Scientists have identified a protein that effectively strips dendritic cells (DCs) and monocyte-derived macrophages (MDMs) of the intracellular deoxynucleoside triphosphates (dNTPs) needed by invading HIV-1 to synthesize its own DNA and replicate. An international team led by researchers at the Institut Cochin in Paris, New York University School of Medicine, and the University of Rochester Medical Center sites say SAMHD1 expressed by HIV-1’s target myeloid cells hydrolyzes intracellular dNTP, essentially starving the virus of the building blocks required to support viral reverse transcription, and thus blocking lentiviral infection.
In contrast, the researchers also found that viruses of the HIV-2-simian immunodeficiency virus lineage ((SIVsm)-HIV-2) express a virion-packaged accessory protein, Vpx, which degrades SAMHD1. This acts to prevent the protein from depleting dNTPs and restores the permissiveness of myeloid cells to infection, but doesn’t appear to lead to increased virulence. Reporting their results in Nature Immunology, the Institut Cochin’s Florence Margottin-Goguet, Ph.D., and colleagues, suggest that therapeutic strategies that deplete intracellular dNTP pools might represent a promising approach to treating lentivus infection.
“The implications of depleting the nucleotide pool as a host-defense mechanism are potentially far reaching," they write. The team’s published paper is titled “SAMHD1 restricts the replication of human immunodeficiency virus type 1 by depleting the intracellular pool of deoxynucleoside triphosphates.”
SAMHD1 was first identified as an ortholog of a mouse gene induced by interferon-γ in response to viral infection, and has been proposed to operate as a negative regulator of the innate immune response. Prior work has also shown that mutations in conserved regions of the SAMHD1 protein inactivate its lentivirus-restricting activity.
Sequence comparison studies by Dr. Margottin-Goguet demonstrated weak homology between SAMHD1 and EF1143, which suggested the protein may have a role in regulating intracellular dNTP pools in myeloid cells. This notion was confirmed by the finding that intracellular dNTP concentrations in human monocyte cells were increased when SAMHD1 was knocked down using an shRNA, and the observation that recombinant SAMHD1 hydrolyzed all four dNTPs in vitro.
Primary MDMs take up exogenous deoxynucleosides and directly convert them into dNTPs, and the team confirmed that treating healthy donor-derived MDMs either with deoxynucleosides or Vpx-containing virus-like particles led (VLPs) to a 5- to 33-fold increase in the concentration of dNTPs, and enhanced HIV-1 infection. Interestingly, the nucleoside treatment was more effective in terms of enhancing HIV-1 infection, probably because these cells continued to hydrolyze the dNTPs, while cells exposed to Vpx-containing VLPs degraded SAMHD1, preventing dNTP hydrolysis.
Further tests were carried out in an SAMHD1-deficient monocyte cell line (U937) transduced to express either human, mouse, rhesus macaque, or inactive SAMHD1. The cells were treated with the protein kinase C activator Phorbol 12-myristate 13-acetate (PMA), which induces their differentiation into macrophages. These assays demonstrated that in the absence of PMA, intracellular dNTP concentrations were relatively unaffected by the various SAMDH1 constructs. However, after treatment of the cells with PMA, expression of SAMHD1 was accompanied by a considerable decrease in the dNTP pool relative to cells transduced with a control lentiviral vector, or with the inactive SAMHD1.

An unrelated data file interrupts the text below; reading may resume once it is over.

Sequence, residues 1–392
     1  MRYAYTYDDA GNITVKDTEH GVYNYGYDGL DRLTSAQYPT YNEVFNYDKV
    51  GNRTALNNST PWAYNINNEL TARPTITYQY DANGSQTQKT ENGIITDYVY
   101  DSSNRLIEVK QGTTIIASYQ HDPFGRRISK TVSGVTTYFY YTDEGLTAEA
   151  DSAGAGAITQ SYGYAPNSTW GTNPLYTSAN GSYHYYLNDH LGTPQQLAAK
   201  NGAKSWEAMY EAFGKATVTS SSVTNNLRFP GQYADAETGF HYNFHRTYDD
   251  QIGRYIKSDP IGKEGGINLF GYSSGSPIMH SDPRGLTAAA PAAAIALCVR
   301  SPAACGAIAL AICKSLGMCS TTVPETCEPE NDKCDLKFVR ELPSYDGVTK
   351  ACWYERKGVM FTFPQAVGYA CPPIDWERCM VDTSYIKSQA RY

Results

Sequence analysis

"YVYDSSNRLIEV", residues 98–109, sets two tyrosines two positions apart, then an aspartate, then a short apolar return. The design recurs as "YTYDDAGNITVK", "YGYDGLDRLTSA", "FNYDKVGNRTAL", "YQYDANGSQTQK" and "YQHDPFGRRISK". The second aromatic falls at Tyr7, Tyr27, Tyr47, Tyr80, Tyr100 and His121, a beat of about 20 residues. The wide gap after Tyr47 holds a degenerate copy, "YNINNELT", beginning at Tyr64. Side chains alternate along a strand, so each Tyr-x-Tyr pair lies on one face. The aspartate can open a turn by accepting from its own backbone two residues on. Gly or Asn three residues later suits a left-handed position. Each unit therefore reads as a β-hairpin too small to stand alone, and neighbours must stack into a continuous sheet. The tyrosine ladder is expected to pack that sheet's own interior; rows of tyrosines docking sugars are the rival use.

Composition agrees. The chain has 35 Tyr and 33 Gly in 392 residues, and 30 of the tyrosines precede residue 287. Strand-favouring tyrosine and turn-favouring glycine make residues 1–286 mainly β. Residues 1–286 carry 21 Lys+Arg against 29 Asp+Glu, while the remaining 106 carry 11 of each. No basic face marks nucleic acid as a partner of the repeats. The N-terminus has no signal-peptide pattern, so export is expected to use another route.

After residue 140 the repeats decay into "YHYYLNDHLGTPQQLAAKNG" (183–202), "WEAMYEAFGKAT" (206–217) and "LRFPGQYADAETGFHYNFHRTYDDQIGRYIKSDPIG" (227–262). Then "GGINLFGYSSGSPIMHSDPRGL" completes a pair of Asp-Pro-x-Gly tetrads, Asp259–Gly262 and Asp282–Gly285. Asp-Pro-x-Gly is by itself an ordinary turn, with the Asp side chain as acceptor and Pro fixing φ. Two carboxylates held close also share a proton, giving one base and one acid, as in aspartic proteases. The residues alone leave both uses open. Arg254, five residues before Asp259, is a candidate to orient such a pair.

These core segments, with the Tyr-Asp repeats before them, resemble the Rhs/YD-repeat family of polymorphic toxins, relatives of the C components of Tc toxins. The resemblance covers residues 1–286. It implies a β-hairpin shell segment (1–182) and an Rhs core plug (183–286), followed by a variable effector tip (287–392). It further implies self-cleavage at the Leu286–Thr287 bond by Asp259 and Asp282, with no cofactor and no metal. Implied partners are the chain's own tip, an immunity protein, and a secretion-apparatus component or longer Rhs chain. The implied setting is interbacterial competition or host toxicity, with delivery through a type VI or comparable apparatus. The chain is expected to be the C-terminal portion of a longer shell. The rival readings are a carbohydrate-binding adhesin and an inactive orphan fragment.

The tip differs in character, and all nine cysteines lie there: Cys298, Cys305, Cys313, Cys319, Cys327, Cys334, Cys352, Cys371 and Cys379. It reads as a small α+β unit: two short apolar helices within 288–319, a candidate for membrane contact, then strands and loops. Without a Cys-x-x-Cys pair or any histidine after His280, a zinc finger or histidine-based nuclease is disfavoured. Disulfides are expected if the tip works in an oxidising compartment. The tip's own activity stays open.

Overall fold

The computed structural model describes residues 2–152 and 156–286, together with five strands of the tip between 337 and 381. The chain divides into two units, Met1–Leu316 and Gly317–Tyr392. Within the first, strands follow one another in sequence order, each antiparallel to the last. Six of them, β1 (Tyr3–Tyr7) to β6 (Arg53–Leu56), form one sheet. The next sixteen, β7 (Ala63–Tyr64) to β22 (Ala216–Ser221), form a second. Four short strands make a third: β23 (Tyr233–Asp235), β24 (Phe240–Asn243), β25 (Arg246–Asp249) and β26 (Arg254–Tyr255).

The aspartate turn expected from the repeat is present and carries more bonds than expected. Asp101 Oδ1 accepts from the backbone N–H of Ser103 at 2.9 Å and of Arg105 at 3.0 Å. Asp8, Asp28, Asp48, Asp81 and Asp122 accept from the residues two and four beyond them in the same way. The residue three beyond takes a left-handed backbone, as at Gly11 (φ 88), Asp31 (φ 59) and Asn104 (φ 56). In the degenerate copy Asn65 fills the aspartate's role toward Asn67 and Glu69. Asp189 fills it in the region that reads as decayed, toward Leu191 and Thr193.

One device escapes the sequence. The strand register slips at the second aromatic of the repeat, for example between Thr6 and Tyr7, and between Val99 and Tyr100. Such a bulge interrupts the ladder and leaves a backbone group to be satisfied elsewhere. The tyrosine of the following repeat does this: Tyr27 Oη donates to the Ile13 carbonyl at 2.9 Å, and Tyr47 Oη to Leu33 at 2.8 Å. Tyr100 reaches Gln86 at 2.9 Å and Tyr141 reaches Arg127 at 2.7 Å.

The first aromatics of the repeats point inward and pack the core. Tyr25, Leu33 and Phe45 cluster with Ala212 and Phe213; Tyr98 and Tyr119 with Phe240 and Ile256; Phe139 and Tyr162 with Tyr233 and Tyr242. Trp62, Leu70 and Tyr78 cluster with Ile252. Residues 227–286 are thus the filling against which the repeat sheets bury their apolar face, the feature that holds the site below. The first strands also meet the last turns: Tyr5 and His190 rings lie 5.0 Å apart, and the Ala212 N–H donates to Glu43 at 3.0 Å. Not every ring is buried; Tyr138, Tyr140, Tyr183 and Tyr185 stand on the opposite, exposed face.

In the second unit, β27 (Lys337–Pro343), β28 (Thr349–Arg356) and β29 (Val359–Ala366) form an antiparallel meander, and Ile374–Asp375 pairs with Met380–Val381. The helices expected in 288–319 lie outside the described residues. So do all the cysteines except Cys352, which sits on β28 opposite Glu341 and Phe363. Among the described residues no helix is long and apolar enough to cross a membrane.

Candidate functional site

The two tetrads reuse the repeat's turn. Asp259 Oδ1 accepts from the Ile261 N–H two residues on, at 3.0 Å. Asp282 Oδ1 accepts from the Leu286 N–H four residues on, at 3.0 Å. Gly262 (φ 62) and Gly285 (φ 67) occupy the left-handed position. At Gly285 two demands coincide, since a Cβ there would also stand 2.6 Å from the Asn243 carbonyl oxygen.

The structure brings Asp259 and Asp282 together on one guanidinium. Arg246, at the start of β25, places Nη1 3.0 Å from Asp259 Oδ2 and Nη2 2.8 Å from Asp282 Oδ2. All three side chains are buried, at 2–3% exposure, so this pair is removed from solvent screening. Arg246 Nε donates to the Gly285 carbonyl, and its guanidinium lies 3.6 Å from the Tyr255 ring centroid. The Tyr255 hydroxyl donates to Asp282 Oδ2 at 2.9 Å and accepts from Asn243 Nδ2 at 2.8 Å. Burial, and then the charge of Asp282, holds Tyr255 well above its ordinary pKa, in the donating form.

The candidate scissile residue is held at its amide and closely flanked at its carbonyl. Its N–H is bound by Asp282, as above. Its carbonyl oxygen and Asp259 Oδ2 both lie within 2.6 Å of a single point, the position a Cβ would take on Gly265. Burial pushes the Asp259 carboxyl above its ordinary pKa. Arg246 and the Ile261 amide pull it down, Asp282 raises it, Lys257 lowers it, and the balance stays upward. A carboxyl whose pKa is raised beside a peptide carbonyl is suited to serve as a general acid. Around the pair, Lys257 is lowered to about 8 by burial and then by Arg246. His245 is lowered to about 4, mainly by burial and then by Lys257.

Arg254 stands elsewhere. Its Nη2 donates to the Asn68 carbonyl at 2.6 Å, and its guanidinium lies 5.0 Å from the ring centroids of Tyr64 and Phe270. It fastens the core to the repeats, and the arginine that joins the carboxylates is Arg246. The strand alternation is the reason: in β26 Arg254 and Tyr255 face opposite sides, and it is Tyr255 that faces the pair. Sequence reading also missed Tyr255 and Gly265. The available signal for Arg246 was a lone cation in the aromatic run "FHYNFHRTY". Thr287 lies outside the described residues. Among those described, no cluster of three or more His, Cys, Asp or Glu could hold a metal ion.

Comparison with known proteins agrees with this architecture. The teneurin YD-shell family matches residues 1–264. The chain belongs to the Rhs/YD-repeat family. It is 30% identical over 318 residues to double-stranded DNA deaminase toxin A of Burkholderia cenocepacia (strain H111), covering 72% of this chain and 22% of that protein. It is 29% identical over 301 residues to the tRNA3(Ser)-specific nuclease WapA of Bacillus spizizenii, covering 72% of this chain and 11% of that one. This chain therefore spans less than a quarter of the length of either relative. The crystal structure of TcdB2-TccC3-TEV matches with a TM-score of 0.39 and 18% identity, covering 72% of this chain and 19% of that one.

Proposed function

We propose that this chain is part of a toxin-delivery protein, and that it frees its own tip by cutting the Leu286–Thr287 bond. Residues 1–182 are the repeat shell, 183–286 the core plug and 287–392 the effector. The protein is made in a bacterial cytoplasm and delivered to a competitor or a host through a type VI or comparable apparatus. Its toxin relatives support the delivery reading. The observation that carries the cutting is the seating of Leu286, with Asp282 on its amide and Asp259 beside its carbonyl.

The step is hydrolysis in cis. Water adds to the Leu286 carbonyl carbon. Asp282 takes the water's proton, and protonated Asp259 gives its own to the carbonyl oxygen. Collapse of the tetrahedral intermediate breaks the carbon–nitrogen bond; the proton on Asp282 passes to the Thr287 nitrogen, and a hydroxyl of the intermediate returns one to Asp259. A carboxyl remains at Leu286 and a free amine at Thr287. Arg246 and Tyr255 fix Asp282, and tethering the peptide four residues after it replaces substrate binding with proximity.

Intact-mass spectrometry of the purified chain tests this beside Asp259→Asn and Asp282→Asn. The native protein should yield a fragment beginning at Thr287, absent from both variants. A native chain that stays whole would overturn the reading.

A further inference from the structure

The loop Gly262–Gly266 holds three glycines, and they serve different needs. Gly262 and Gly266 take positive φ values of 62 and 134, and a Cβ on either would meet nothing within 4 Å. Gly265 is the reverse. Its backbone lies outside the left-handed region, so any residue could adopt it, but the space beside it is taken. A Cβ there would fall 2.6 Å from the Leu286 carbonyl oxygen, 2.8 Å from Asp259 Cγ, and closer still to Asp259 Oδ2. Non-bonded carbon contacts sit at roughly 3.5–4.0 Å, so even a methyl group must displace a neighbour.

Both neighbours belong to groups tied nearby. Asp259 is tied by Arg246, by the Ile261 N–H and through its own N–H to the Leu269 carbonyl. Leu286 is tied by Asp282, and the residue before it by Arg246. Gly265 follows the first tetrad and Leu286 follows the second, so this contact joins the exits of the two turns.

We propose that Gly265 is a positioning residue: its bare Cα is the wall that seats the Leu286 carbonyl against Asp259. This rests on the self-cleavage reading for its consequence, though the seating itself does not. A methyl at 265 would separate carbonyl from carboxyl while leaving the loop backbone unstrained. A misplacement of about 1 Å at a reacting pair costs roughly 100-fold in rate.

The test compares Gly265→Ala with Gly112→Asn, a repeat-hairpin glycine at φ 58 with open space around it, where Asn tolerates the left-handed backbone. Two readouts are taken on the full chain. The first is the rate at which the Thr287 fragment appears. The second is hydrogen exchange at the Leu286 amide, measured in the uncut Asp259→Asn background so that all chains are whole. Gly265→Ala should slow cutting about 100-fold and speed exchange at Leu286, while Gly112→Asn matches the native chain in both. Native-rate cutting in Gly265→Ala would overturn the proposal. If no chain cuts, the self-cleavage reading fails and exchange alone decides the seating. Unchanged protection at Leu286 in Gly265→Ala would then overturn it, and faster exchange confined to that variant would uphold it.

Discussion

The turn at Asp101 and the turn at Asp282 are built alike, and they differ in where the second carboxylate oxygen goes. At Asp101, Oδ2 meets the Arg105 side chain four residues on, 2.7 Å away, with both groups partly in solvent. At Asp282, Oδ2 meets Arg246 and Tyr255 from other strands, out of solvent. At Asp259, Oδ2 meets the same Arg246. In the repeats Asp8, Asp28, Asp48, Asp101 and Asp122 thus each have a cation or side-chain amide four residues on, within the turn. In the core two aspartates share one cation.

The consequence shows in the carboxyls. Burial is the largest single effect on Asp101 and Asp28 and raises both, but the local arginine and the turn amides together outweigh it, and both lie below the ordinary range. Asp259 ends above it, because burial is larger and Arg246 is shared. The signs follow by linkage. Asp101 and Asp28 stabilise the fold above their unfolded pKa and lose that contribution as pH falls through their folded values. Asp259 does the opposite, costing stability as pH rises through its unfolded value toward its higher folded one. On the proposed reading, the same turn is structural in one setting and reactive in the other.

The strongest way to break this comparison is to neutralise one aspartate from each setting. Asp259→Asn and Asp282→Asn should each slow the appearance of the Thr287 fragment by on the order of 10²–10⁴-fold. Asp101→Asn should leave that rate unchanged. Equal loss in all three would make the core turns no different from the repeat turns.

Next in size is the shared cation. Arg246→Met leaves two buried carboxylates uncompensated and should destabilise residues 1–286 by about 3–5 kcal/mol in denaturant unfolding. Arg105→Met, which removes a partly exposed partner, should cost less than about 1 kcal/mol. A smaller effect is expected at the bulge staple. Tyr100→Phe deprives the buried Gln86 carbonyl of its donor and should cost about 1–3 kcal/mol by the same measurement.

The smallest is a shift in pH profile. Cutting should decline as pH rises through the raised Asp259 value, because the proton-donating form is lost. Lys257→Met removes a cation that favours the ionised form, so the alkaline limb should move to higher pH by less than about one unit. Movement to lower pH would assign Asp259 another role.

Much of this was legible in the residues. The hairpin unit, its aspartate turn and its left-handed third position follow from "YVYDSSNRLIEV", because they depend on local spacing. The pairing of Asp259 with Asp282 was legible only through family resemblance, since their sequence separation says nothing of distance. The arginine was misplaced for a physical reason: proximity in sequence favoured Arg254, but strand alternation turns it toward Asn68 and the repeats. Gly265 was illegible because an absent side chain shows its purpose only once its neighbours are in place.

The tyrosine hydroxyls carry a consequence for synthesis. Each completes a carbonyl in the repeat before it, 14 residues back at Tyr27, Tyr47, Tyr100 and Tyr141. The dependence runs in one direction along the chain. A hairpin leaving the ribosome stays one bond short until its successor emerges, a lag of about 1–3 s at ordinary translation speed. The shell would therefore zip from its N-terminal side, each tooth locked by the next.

The deficiency of SAMHD1 in unmodified U937 cells means this cell line is normally highly susceptible to HIV-1 infection, but this susceptibility was markedly reduced on expression of SAMHD1. Treating human- or rhesus-SAMHD1-expressing cells with Vpx-VLPs blocked this resistance to infection, due to degradation of SAMHD1, although Vpx-VLPs appeared to have no effect on mouse SAMHD1.
Unlike MDMs, activated primary CD4+ T lymphocytes are normally fully susceptible to HIV-1. The team also demonstrated that Vpx-containing VLPs had only a marginal effect on dNTP concentrations, which suggests that in these cells SAMHD1 plays only a minor role in controlling dNTP concentration. In fact, overexpressing SAMHD1 in a CD4+ human lymphoma T cell line had no effect on HIV-1 infection relative to control cells, whereas pharmacologically blocking ribonucleotide reductase in the SAMHD1-expressing T cells did lead to increased resistance to HIV-1 infection. “These results suggested that the high rate of dNTP production in the T cells rapidly replenishes the dNTPs that are hydrolyzed by SAMHD1, limiting its antiviral activity in these cells,” the authors write.
“SAMHD1-mediated depletion of the intracellular dNTP pool provides a means by which the cell establishes an antiviral state without the need for an inhibitor that interacts directly with a specific viral component,” they conclude. “Furthermore, it provides a rationale for why SAMHD1 restriction operates only in terminally differentiated and nondividing cells such as MDMs and DCs. Those cells, in contrast to dividing cells, do not need to maintain a high concentration of dNTPs and therefore are not harmed by the catalytic activity of SAMHD1...Thus, this mechanism may serve to restrict a diverse range of retroviruses.”
The team also points out that the use of Vpx to degrade SAMHD1 is an important strategy used by lentiviruses to prevent cellular antiviral defenses. “We don’t know precisely how SAMHD1 and Vpx affect the virulence of HIV-1 and HIV-2, but it's something we’re actively exploring," notes Baek Kim, Ph.D., co-corresponding author at the University of Rochester Medical Center. “The work suggests new ways to target virus replication in macrophages, a critically important cell population that serves as a key reservoir of virus infection and a contributor to HIV-induced disease.”